A finance ministry official tweeted today morning that India is likely to achieve its fiscal deficit target of 3% by 2019-20. The tweet by Subhash Chandra Garg, secretary of the Department of Economic Affairs, stated that the ministry has a statutory commitment to bring down the fiscal deficit to 3% by 2020-21, and this could be possible even by 2019-20 itself.
The original estimate for fiscal deficit was 3.2% of the GDP for the fiscal year 2017-18. In the recently announced Union Budget 2018, the government reported a marginal slippage in fiscal deficit. Fiscal deficit for the current fiscal year stands at 3.3%. For fiscal year 2018-19, the estimated fiscal deficit is 3.5%.
The implementation of the Goods and Services Tax (GST) is considered to be one of the main reasons behind this slippage. Economic growth of the country slipped in the current fiscal year when the manufacturing sector slowed down following the impact of demonetisation and GST. Despite the slowdown in the current fiscal year, signs of recovery can already be seen.
Fiscal Deficit at 3.3% for 2018-19, backed with statutory commitment to bring it down to 3% by 20-21 (might actually be achieved in 19-20) and further supported with a commitment to bring down debt to GDP ratio to 40% by 2024-25 is truly strong fiscal consolidation plan.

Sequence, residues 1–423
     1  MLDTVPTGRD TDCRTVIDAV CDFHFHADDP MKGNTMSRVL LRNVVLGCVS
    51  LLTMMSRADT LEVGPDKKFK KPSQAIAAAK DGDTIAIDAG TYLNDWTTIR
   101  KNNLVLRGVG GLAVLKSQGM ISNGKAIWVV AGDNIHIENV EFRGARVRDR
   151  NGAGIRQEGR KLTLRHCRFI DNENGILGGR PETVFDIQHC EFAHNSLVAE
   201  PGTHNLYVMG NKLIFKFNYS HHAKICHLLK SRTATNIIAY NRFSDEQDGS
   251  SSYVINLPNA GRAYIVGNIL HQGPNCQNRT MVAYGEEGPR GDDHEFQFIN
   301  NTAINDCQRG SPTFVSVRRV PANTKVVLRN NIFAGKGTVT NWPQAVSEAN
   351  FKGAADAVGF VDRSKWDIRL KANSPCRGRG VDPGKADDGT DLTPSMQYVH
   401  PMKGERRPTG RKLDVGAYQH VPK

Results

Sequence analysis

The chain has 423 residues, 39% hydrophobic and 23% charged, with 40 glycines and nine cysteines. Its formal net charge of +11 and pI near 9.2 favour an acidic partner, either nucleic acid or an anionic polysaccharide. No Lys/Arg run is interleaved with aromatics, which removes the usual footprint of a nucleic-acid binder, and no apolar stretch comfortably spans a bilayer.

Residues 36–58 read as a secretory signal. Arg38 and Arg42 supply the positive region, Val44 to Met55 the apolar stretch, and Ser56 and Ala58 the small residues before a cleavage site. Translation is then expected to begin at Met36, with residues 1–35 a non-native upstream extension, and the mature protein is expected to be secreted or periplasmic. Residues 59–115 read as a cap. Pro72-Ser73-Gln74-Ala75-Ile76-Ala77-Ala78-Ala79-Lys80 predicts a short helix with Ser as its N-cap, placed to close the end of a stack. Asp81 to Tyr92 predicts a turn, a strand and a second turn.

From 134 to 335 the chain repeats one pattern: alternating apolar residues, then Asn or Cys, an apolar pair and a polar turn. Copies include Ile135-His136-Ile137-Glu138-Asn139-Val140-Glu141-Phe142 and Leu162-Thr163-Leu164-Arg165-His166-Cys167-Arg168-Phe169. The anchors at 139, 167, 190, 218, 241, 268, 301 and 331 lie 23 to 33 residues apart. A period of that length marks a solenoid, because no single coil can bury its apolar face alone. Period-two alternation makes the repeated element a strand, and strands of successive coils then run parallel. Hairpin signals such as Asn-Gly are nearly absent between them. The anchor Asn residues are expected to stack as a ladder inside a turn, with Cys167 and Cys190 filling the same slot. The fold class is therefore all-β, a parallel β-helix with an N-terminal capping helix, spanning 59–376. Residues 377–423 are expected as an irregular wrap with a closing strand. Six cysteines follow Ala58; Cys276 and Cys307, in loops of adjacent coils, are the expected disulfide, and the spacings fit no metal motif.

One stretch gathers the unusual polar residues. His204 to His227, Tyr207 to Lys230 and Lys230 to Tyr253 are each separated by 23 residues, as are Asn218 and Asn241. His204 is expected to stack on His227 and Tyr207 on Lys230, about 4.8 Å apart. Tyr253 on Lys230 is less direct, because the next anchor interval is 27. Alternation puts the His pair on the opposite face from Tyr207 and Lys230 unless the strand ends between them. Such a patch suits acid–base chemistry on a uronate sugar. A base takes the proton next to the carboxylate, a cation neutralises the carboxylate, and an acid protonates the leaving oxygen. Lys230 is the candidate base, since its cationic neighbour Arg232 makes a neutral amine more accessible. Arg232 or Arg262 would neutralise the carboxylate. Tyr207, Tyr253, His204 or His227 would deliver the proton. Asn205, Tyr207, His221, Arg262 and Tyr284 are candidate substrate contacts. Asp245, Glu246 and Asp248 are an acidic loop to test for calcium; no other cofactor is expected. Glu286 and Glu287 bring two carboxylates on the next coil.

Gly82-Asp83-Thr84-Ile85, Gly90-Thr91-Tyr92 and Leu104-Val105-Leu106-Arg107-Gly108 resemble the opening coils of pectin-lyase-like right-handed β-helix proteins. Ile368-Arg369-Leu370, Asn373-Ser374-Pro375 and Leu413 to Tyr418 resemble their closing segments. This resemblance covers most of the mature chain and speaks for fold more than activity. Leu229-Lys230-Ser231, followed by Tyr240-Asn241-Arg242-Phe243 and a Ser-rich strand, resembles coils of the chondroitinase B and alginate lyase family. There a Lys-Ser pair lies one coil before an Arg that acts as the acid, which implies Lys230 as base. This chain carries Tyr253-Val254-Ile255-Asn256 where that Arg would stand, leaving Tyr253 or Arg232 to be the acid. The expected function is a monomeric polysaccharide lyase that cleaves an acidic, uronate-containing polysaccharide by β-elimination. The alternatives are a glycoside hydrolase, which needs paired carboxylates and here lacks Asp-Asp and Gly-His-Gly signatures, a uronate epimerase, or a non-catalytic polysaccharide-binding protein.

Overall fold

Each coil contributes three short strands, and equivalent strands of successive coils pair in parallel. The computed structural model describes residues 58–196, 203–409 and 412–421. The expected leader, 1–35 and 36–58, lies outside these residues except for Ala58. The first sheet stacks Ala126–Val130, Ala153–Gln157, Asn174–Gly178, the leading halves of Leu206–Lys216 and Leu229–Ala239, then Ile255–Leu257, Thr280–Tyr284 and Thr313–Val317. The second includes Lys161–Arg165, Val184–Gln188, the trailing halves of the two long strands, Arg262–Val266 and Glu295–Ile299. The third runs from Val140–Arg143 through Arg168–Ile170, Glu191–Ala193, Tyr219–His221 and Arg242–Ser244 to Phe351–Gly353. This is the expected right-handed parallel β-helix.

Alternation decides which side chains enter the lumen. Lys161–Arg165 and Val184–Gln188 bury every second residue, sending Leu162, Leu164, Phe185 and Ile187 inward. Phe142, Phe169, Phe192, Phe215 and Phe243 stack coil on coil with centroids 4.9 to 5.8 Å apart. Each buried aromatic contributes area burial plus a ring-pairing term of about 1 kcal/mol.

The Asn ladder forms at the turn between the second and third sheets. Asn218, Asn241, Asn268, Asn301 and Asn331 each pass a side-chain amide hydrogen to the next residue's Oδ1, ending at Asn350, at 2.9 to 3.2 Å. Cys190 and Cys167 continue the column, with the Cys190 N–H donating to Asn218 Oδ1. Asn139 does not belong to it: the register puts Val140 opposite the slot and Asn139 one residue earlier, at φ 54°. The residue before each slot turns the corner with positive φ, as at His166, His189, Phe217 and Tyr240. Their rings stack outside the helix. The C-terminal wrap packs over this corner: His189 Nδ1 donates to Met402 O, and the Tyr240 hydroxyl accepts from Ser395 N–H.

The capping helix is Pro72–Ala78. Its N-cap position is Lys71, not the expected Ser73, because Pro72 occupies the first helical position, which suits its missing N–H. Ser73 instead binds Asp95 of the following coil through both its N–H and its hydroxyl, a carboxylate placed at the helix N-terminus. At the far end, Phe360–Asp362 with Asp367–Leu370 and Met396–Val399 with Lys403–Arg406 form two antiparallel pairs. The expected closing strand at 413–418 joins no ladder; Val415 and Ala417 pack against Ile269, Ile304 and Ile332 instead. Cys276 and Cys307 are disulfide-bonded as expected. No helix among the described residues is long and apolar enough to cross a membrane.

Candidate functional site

— Subhash Chandra Garg (@SecretaryDEA) February 5, 2018
The overall expenditure for fiscal year 2018-19 was estimated to be around Rs.24.42 lakh crore. This represents a significant increase from last year’s value of Rs.21.57 lakh crore. Revenue estimates have also been increased for the fiscal year 2018-19 owing to increase in both direct and indirect taxes.
Higher expenditure in Union Budget 2018 can be attributed primarily to the allocation for rural development and infrastructure sectors. Considering the higher allocation for various sectors, the fiscal deficit for 2018-19 is estimated higher than that of the previous year’s budget.
Though the fiscal deficit estimate has been increased for the upcoming fiscal year, the government is optimistic that the growth witnessed through higher allocations will benefit the country’s economy. With higher growth, the government expects to narrow down the fiscal deficit in the subsequent years.
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